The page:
Hussein -v- The Labour Court & Anor,  IEHC 364 (2012)
|Docket Number:||2012 194 JR|
|Party Name:||Hussein, The Labour Court & Anor|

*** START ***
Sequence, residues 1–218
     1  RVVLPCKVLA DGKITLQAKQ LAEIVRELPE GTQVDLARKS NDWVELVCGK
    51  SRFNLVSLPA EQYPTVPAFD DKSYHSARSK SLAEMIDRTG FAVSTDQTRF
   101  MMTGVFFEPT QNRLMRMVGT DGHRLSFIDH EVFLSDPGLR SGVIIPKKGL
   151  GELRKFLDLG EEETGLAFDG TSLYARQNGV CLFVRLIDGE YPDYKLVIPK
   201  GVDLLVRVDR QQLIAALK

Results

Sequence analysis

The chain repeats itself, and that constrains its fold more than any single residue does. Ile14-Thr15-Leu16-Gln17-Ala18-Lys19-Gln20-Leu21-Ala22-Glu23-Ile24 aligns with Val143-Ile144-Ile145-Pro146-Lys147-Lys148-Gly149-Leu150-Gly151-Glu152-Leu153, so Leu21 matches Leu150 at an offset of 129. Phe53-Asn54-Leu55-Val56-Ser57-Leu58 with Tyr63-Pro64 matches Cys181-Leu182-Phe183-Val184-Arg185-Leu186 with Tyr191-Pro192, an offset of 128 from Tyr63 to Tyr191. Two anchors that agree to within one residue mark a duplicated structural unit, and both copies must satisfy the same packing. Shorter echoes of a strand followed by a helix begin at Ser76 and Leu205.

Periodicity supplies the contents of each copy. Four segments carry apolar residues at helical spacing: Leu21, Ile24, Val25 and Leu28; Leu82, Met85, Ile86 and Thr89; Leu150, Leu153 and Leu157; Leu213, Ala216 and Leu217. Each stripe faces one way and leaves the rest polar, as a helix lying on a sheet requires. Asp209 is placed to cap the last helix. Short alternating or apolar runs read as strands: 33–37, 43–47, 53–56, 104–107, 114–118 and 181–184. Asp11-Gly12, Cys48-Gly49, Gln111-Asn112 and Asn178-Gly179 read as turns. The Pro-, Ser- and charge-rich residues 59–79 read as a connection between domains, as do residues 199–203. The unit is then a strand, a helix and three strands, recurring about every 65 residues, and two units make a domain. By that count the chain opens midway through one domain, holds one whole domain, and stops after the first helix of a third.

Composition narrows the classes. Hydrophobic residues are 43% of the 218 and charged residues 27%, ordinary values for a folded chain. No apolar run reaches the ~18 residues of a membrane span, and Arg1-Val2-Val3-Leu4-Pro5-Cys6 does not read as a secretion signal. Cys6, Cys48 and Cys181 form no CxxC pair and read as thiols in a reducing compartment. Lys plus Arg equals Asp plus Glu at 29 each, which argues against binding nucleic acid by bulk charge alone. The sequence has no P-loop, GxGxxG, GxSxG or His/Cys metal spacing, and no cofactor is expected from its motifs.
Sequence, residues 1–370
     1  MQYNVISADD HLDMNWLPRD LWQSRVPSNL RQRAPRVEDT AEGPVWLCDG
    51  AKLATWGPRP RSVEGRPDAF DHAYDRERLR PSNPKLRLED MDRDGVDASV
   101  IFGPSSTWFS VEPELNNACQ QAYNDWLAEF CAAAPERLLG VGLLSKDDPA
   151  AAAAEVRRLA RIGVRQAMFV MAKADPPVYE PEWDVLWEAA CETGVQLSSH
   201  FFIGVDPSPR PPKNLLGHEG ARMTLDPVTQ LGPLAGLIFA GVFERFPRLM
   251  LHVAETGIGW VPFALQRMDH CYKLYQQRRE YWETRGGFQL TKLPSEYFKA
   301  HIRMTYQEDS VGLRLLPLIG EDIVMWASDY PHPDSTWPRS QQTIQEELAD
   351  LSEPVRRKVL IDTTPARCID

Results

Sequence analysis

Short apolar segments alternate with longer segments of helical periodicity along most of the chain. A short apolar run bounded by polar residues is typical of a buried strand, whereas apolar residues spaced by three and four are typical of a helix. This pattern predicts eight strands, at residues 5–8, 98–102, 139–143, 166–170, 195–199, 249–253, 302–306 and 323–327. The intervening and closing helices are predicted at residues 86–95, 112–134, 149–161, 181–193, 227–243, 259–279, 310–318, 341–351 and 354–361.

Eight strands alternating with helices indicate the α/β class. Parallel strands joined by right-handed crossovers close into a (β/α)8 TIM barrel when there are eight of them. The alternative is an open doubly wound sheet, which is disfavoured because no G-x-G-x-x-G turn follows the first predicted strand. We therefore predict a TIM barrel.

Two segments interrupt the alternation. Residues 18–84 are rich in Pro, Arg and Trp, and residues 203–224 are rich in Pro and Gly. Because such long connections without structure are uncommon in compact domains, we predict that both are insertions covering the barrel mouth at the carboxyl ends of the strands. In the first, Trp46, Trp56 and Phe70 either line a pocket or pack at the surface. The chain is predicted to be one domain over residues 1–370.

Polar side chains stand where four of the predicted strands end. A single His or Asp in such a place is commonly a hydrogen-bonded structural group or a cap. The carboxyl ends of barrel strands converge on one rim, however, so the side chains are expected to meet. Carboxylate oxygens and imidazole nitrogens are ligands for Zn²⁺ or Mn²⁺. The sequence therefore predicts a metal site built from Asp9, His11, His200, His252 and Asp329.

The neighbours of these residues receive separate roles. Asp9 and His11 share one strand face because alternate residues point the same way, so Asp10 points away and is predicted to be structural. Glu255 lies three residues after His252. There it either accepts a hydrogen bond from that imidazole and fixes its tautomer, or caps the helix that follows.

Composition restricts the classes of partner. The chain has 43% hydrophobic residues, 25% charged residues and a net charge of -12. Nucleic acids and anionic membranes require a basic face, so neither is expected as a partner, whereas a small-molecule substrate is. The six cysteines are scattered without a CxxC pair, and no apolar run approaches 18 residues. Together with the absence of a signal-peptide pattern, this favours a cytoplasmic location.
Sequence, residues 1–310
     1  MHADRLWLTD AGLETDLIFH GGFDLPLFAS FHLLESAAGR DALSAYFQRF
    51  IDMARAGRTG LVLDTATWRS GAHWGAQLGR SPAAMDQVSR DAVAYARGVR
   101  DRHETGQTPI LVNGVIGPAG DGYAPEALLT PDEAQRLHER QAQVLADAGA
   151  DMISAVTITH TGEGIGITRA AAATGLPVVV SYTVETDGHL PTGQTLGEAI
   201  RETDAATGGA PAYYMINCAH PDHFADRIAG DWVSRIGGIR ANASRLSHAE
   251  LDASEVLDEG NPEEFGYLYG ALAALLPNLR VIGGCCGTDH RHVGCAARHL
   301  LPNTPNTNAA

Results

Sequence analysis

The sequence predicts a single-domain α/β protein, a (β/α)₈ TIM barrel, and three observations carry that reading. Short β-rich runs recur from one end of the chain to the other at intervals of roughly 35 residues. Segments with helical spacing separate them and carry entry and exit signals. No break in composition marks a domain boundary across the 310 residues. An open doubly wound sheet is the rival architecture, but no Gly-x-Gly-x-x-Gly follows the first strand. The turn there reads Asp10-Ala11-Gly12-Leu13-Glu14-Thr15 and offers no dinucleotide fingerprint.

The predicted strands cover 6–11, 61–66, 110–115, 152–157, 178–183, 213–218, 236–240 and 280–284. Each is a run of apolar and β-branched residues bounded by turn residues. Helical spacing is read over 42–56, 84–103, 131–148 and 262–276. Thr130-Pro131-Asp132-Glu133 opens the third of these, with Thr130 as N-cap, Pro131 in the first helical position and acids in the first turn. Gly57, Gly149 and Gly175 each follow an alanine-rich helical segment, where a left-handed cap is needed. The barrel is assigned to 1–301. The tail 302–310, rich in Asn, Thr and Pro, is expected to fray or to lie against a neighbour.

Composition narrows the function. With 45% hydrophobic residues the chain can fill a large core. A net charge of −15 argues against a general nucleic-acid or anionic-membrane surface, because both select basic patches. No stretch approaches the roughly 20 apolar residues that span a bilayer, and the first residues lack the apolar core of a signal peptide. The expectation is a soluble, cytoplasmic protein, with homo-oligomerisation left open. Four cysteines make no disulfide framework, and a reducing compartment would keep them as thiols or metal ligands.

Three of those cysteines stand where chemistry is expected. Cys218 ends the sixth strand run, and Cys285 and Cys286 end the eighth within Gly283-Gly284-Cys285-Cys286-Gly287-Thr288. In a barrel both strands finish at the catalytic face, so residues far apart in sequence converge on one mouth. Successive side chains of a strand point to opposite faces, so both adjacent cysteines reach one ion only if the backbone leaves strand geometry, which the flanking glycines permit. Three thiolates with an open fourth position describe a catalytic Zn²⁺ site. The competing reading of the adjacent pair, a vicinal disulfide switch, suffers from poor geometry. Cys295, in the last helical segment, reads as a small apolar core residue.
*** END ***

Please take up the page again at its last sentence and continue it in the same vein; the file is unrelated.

THE HIGH COURT [2012 No. 194 J.R.]BETWEENAMJAD HUSSEINAPPLICANTANDTHE LABOUR COURT RESPONDENTANDMOHAMMAD YOUNIS NOTICE PARTYJUDGMENT of Mr. Justice Hogan delivered on 31st August, 20121. The treatment of migrant workers is a vexed one which poses considerable difficulties with regard to the regulation of the labour market and the enforcement of public policy. The Oireachtas must, of course, regulate the labour market by specifically deterring illegal immigrants from taking up employment, as failure to do so could have serious medium term implications for both employment and immigration policy. If, however, that legislation is applied in a rigorous and unyielding manner it might have serious consequences for vulnerable migrants who found themselves exploited by unscrupulous employers. The nature of the legislator’s dilemma is well illustrated by the facts of the present case.2. Both the applicant and the notice party are Pakistani nationals and are in fact second cousins. The applicant operates at least one Pakistani restaurant in Ireland and Mr. Younis, the notice party, claims that he was recruited by the applicant, Mr. Hussein, in September 2002 to work here as a tandoori chef when the latter returned to Pakistan for a holiday. Although Mr. Younis arrived in Ireland in the summer of 2002, he does not speak English and he seems to have had no real contact with the Irish community. Mr. Younis’ contention is that he was grievously exploited by his cousin when he arrived in Ireland. He maintains that he was required to work seven days a week with no holidays (save for one month in September 2009) which was unpaid. Mr. Younis contends he was paid what amounted to pocket money in cash and that his employer had failed to regularise his position with the relevant authorities, including the Revenue Commissioners. It is averred on his behalf that these matters only come to his attention in December 2009, whereupon he resigned from his employment and then set in train a series of claims under the Terms of Employment (Information) Act 1994, the Organisation of Working Time Act 1997 and the National Minimum Wage Act 2000. It is these claims which form the background to the present judicial review proceedings.3. Mr. Hussein strongly disputes these contentions. He says that Mr. Younis had a work permit under the Employment Permits Act 2003 (“the Act of 2003”) for the period between July 2002 and July 2003, but that he never had a work permit after that date. Mr. Hussein maintains that Mr. Younis thereafter effectively lived with him as a member of his extended family. He also says that Mr. Younis was fully aware of the necessity to have a work permit and that this came to light when the latter sought unsuccessfully to avail of amnesty for undocumented workers operated by the Department of Enterprise and Employment in December 2009.4. For his part, Mr. Younis says that that he resided with other employees in a form of work hostel provided by the applicant in Leixlip. He further contends that he relied completely on his cousin, Mr. Hussein, in relation to both his employment permit, taxes and passport. By way of example, he claims that when his Pakistani passport expired in 2006, Mr. Hussein retained both his new and old passport, saying that he needed both documents for the purposes of obtaining a work permit. Mr. Younis says that he only became aware of the true position when Mr. Hussein’s wife (who speaks English) brought him to the Migrants’ Rights Centre in August 2009 whereupon his rights and entitlements were explained to him. This...
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